In this excerpt from Uneasy Neighbo(u)rs: Canada, the USA and the Dynamics of State, Industry and Culture, authors David T. Jones and David Kilgour explain that, although Canada and the U.S. have similar histories, they have developed different approaches to the rest of the world
The Ottawa Citizen
Published: Saturday, October 20, 2007
Ever since Canada evolved into something other than a colony of Great Britain, it has puzzled over its relationship with the United States. The phenomenon can be viewed as akin to an accordion being played: regularly moving/squeezing closer and then changing harmony by pulling back. It is also analogous to the psychologist's approach/avoidance" concept in which, as two bodies move closer, the forces to be overcome increase and push them apart again.
The Canada-U.S. bilateral relationship has been characterized by innumerable adages and pithy descriptive phrases. One of the most trenchant is attributed to John Bartlet Brebner: "Americans are benignly ignorant of Canada. Canadians are malevolently well informed about the United States." Another suggests that there is the sociological equivalent of a one-way mirror at the border. Canadians looking south see Americans as they are, but Americans looking north see only a reflection of themselves.
One might also say that geography has made us neighbours; history has made us allies; economics has made us partners; but we are friends by choice. More cynically, "we are best friends, like it or not"; if so, we are certainly in a "not" portion of the cycle as the relationship moves further into the 21st century, although many Canadians would say that the hostility is to the Bush administration rather than to the American people.
Rather than belabouring differences, another approach to examining our countries is to suggest that we are "alternative North Americas." Both Canada and the United States have similar political and historical origins in the United Kingdom, a commitment to free market capitalism to differing degrees, and a demography that began with indigenous tribes but now reflects worldwide immigration. Both have technologically sophisticated, well-educated populations. And each is attempting to find solutions for basic questions of the 21st century: the most effective mechanisms of political expression for two peoples enjoying essentially the same human rights and freedoms; the most rational and effective manner to secure the safety of the population from external threat; the delivery of health services and care of the elderly; the education of children in a manner permitting them to address problems 50 years into the future; the exploitation of natural resources without significant environmental damage; the balance between the freedom and privacy of individual citizens with the societal objective of safety from violence; and creating the conditions for equality of opportunity -- if not equality of outcome.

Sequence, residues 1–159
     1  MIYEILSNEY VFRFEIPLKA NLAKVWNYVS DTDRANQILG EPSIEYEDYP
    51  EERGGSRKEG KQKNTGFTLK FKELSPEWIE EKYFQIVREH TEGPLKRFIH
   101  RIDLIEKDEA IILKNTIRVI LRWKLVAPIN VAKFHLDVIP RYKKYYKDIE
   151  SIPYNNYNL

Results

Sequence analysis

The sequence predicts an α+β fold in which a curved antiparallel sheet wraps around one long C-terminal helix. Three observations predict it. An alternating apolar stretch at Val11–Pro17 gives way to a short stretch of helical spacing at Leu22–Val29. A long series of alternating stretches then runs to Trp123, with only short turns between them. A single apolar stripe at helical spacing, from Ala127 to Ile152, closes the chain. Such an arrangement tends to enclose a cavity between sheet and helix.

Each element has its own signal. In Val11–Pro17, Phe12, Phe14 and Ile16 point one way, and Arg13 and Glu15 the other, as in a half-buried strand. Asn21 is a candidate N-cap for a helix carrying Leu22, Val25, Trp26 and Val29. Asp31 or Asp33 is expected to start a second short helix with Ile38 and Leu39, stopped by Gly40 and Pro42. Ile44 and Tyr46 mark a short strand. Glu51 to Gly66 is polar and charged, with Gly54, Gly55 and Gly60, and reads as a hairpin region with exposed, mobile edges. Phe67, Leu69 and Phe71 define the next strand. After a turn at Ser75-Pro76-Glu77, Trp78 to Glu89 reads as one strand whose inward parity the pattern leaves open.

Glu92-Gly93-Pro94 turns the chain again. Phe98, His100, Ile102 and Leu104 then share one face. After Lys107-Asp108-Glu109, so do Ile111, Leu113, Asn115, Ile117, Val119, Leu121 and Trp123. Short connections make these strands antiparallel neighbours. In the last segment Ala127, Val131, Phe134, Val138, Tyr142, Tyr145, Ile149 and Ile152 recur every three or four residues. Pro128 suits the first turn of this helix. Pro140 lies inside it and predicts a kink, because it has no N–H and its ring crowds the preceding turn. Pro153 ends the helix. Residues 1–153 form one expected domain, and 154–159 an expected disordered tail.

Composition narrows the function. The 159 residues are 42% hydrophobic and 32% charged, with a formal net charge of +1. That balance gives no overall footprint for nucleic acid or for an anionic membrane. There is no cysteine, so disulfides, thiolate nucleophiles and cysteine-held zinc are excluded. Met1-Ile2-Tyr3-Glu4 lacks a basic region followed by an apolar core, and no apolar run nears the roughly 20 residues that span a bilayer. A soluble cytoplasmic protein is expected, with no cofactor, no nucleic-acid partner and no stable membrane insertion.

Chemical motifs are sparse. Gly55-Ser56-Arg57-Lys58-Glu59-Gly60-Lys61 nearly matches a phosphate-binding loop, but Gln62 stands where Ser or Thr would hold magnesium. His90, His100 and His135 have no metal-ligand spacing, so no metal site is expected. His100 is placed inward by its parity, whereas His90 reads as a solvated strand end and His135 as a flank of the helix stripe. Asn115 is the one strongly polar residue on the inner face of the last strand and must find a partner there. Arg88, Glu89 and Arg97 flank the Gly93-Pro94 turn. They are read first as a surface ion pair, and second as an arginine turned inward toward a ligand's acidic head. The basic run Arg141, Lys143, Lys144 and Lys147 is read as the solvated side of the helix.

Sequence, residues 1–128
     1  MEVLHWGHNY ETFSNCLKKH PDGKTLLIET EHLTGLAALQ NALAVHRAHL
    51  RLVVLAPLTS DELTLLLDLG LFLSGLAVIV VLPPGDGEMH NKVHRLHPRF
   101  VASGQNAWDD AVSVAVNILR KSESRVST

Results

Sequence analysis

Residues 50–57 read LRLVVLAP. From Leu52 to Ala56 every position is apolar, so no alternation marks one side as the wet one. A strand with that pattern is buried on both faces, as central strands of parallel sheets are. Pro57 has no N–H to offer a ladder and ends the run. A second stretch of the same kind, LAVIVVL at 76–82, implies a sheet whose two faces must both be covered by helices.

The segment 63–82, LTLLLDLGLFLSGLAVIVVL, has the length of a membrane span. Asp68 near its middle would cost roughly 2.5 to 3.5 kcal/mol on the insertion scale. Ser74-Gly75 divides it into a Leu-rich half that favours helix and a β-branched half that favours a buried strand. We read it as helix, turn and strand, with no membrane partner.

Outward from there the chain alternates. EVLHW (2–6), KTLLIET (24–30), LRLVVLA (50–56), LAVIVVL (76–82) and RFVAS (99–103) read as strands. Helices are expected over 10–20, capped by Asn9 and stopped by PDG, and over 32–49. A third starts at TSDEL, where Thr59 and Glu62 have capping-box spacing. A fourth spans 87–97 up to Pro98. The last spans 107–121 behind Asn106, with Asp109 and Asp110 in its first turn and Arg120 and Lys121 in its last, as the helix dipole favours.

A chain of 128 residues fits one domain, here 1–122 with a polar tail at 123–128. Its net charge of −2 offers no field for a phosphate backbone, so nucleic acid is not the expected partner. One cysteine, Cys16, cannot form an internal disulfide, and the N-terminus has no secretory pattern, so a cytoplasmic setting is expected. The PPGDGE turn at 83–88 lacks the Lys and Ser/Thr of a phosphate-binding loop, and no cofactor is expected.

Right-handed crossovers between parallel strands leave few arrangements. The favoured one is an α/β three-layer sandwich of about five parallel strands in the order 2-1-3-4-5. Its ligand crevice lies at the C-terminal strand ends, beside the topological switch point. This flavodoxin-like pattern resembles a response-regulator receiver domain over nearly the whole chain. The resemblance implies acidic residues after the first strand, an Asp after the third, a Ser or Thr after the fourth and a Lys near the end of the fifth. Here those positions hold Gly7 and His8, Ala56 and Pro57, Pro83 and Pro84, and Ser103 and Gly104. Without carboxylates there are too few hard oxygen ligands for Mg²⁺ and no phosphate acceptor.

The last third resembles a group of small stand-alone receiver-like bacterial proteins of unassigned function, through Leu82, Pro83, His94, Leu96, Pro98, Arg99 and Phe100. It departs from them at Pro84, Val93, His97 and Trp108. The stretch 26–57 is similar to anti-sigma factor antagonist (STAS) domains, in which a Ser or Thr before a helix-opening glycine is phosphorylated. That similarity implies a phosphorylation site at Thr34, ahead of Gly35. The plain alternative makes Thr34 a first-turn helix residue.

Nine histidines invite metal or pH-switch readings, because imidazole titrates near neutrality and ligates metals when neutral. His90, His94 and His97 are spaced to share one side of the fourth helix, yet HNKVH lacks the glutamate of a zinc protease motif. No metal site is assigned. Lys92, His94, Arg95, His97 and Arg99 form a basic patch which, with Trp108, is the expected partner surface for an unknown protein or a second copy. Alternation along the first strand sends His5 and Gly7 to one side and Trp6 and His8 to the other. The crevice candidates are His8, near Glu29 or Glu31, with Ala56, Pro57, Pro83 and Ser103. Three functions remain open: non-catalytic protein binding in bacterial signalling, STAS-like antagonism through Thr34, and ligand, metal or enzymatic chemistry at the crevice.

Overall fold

As a superpower, the United States has wider -- indeed global -- interests and a greater ability to implement and defend its interests than does Canada. While Washington is willing to consult with others and even modify elements of its approaches and objectives if given convincing reasons to do so, it remains willing to act on its perception of its interests -- alone, if necessary. Its willingness to act unilaterally reflects its ability to do so. Canada believes that significant international action -- particularly force of arms -- can only be taken in conjunction with allies and, if possible, with the sanction of the United Nations. By a systematic although somewhat absent-minded long-term neglect of its defense establishment, Canada virtually abdicated from significant military action. It is still to be determined whether Canada's venture into a NATO-Afghanistan commitment is a one-off exercise or a return to an earlier era. The intensely divided citizenry and very narrow May 2006 parliamentary endorsement of a continued participation suggests the former as Canada's future.
Consequently, to be able to defend and implement its global interests, the U.S. maintains a massive defense establishment at high expense and employing the most advanced technology both for offense and defense. In contrast, Canada's armed forces are marginal; they are now far below what its economy could maintain or what comparable countries do support. In effect, Canada has subcontracted its defense to the United States, making the actuarial judgment that it could never defend itself against attack from the south, but that any external threat to Canada would also threaten the United States -- and the U.S. would have to address it. Hence, Canada can be defended badly at great expense or badly at little expense. With health care being more popular than a modernized military, the Canadian choice has been an antiquated military and it is likely to remain so, regardless of temporary upgrades of equipment or personnel.
Excerpted from From Uneasy Neighbo(u)rs, Wiley, $33.99
© The Ottawa Citizen 2007